Engineering innovation is what has put Derby on the map. Leading with textile processing in the Industrial Revolution, it moved into being a leader in transport with with railways and then cars and aeroengines.
New ideas often take a while to be accepted, and the trail blazers can be scorned or ignored before they are appreciated.
Society in theory recognises the value in new ideas: They are protected through patents and design registrations. But most often the idea needs to be implemented to show its real worth. This often takes time, money and commitment. If the new idea does not deliver what was hoped for, time and money will be lost.
During a recession, as now, it can be even harder to have the courage to commit to a new idea. When money is tight, the risks may seen greater and the benefits smaller when a new idea is presented.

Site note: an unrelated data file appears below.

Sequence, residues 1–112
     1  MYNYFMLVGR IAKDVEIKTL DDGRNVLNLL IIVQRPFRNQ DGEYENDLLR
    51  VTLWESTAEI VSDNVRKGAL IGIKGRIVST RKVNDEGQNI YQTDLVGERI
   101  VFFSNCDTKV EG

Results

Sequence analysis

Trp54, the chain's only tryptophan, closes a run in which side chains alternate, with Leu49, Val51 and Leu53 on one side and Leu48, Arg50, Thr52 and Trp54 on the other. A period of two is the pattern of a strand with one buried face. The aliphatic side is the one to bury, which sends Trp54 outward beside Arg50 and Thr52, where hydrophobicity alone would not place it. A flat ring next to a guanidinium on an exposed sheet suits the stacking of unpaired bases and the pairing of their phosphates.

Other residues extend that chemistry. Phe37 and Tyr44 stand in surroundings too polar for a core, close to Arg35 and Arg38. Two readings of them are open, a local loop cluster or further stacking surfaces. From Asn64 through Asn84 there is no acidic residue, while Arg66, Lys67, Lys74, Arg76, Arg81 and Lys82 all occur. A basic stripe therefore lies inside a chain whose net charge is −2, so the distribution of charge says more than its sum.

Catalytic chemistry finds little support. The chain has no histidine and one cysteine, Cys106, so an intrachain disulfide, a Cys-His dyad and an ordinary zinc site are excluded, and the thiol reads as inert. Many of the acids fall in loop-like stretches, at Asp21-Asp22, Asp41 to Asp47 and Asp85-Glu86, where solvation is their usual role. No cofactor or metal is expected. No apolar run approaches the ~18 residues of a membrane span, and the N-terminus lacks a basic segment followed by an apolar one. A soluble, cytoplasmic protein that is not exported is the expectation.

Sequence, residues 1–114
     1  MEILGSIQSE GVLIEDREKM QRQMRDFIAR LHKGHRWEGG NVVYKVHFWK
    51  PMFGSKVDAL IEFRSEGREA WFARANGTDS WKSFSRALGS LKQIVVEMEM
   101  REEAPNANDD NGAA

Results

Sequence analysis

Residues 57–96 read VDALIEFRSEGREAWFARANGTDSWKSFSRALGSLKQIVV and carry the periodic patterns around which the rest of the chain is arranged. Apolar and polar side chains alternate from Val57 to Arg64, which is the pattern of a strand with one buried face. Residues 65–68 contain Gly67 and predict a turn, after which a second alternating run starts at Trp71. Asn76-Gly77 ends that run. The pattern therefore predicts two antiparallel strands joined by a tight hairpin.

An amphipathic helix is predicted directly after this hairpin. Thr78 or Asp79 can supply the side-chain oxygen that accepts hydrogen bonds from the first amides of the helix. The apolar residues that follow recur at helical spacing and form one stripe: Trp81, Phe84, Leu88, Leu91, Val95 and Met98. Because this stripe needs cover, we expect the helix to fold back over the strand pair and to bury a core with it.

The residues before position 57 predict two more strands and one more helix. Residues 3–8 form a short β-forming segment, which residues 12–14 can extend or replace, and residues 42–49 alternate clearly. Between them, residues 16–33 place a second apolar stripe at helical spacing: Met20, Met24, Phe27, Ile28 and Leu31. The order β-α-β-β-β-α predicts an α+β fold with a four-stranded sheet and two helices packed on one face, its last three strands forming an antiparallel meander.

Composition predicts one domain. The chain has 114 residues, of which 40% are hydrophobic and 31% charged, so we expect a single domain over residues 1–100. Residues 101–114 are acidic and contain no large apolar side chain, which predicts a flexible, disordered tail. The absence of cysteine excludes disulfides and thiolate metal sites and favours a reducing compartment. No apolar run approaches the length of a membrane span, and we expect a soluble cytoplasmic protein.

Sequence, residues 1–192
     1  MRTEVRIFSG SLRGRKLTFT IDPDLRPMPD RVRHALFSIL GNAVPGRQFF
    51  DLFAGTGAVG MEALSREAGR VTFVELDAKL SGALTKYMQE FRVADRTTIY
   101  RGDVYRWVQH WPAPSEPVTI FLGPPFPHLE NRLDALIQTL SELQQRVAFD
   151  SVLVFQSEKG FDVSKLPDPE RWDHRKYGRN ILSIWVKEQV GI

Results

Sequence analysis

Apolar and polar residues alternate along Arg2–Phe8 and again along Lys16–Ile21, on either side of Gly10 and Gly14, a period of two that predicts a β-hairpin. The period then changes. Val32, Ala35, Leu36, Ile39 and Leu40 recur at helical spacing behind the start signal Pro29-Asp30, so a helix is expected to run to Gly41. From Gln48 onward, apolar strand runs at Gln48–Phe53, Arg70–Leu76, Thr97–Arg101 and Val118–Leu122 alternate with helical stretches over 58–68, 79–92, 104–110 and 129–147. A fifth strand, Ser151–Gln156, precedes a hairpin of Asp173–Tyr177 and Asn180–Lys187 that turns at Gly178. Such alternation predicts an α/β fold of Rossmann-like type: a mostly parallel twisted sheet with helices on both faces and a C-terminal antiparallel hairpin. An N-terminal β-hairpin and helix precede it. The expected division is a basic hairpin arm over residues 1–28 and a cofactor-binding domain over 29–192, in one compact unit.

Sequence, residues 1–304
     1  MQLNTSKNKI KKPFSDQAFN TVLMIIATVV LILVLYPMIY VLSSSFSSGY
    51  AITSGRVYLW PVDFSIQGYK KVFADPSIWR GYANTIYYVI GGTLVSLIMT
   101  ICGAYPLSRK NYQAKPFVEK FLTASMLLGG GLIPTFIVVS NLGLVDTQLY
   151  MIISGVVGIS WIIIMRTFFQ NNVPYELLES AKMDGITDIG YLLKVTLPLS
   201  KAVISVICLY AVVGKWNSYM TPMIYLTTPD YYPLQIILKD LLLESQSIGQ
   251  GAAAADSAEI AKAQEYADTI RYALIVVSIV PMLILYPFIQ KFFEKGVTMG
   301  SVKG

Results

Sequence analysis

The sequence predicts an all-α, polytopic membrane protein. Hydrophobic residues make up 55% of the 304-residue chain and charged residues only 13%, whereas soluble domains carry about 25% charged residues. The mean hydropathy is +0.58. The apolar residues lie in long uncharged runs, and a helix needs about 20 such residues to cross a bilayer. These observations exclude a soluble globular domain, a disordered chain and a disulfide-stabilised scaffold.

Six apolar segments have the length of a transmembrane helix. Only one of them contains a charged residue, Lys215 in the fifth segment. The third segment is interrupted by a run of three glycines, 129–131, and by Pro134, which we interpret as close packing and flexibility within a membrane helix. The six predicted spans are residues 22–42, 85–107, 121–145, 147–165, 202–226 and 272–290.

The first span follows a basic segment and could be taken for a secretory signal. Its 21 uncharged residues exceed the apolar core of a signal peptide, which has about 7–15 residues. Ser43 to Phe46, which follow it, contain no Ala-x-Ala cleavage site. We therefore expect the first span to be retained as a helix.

With each new idea there is a risk of failure, but rarely are the failures remembered. Perhaps this is a pity as it might make decision-makers more realistic when they give the go ahead – or not – on a new project.
It is being widely recognised that new ideas are going to be needed to build a society where prosperity can be achieved with less demand for energy and lower impacts on the natural world. Will Derby again lead?
I believe that it has the potential to do so, provided that today’s engineers and innovators are given the encouragement and resources to make it happen. If you share this vision, do get in touch!